Mastering the morning rush is like learning to cook eggs. Almost anyone can do the scramble, but with a little forethought, you can remove the words ‘hard’ and ‘tough’ from your a.m. vocabulary, and replace with them with ‘easy’…maybe even ‘over easy’.
Here’s how to make like a diner chef and serve those mornings up fast and simple:
It is a well-known law of family physics that the time it takes to complete any given task is multiplied tenfold once young kids are added to the equation. As much as you want – and deserve – to curl up on the couch at night and enjoy some kid-free downtime, taking 10 or 15 minutes to prep while the little ones are asleep will have exponentially positive effects on your morning. An efficient cook spends a little time each day on food prep for the following morning, and if you take the time at night to prepare lunches or assemble breakfast food, you will be rewarded with smoother mornings. Other tasks that are easily prepped the night before: laying out clothes and packing backpacks, briefcases and purses. If you have older children, let them do their own prep so you can hit the couch sooner.
Like laying out the clothes and making lunches the night before, batch cooking on the weekends makes a huge difference in the week to come. It’s up to you how much effort to apply, but a professional chef knows that once you’ve got the kitchen tools out, it takes less overall effort to prep several things at once. Wash and chop fruits and veggies for snacks and meals, fill the crockpot with a soup, sauce or stew, and throw some meat or fish in the oven. Store extra portions in the freezer as backup for those weeks when you really need them.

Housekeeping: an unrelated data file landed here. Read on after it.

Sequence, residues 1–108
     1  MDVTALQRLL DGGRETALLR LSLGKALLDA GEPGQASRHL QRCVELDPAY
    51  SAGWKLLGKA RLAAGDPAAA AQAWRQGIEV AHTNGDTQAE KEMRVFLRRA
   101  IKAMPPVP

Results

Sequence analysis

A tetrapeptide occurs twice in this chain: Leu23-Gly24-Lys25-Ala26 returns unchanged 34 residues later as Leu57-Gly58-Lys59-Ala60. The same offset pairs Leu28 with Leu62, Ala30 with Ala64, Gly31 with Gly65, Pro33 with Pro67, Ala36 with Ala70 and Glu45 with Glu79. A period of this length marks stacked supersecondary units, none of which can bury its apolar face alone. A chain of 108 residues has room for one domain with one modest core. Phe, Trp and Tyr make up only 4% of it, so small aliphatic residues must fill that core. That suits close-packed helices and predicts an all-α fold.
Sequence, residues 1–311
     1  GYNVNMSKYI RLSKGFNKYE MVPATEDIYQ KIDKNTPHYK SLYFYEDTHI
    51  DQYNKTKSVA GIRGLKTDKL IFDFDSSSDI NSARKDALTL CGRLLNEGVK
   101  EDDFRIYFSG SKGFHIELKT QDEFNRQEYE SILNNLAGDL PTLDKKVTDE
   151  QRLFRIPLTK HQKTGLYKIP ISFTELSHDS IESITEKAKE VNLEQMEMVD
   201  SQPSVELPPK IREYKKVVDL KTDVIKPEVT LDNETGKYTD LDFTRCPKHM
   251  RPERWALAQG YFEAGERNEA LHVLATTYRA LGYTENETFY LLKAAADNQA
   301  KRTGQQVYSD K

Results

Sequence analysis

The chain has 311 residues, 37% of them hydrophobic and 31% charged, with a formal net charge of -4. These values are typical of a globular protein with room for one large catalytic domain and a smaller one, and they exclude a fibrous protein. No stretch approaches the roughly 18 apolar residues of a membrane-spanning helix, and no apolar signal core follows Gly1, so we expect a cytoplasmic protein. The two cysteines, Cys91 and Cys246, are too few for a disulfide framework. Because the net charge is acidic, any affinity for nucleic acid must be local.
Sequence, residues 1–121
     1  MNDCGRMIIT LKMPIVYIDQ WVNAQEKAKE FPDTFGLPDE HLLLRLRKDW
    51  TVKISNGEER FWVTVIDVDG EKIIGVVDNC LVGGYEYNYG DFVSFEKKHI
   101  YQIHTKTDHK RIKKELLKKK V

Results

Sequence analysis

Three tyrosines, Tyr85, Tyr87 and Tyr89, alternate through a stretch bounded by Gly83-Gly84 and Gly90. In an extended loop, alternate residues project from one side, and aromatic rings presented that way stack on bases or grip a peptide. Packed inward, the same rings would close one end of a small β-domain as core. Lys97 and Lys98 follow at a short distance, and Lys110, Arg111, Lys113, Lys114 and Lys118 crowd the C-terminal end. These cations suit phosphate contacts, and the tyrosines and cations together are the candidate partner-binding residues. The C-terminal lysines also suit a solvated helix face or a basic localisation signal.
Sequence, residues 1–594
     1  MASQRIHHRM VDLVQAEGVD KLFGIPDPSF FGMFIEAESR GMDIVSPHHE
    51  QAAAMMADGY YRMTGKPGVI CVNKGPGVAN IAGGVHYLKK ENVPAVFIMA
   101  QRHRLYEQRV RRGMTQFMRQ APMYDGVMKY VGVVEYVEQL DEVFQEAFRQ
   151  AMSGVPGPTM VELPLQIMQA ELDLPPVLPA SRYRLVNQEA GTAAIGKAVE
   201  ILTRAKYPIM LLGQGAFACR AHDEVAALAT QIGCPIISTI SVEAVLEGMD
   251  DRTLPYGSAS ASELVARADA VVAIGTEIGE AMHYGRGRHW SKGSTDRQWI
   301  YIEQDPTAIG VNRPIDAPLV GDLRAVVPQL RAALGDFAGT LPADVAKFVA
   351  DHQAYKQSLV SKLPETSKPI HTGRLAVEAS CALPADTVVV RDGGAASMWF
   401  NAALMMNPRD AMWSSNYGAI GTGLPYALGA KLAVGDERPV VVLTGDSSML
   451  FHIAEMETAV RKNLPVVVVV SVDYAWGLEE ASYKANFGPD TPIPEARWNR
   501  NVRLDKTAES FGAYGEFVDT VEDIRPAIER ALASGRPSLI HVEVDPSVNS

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Create a routine
In a well-run restaurant kitchen, every employee knows their job, and gets right to it. The same goes for an efficient household. Most families will fall into some kind of natural pattern based on members’ schedules, likes, dislikes and abilities. But you can make your household routines even more sensible with just a little planning. Sit down with your family and discuss all the tasks that need to be accomplished, create a prioritized list, and determine in advance who does what. Eliminating the need for pesky morning questions (“Has anyone fed the dog?,” “Whose turn is it to do the dishes?”) will leave more time for the questions that really matter, like “How are you doing?” and “Ready to go?”
Take a breather
It’s easy to say and hard to do, but taking five minutes to yourself each morning will make you a better commander-in-chef. As nice as it would be if you could spend those five minutes stretching or meditating, that isn’t always possible. But you can combine deep breaths and mindfulness with other tasks, so don’t hesitate to close the bathroom door and take some alone time observing your breath while you brush your teeth, apply makeup (PS – are you wearing too much make up?) or style your hair. Hint: mixing moisturizer with foundation will allow you to slap your base coat on like lotion, and showering the night before and braiding towel-dried hair will create a salon-worthy wave that cuts blow-drying time out completely.
When the eggs are broken, eat something else
The diner chef analogy is handy most of the time, but when things get crazy, ditch it. Ovens break, diapers explode, keys disappear. So if you’re having a crazy morning, be thankful that you can employ some simple breakfast solutions that a diner chef can’t: cereal, toast and toaster waffles.
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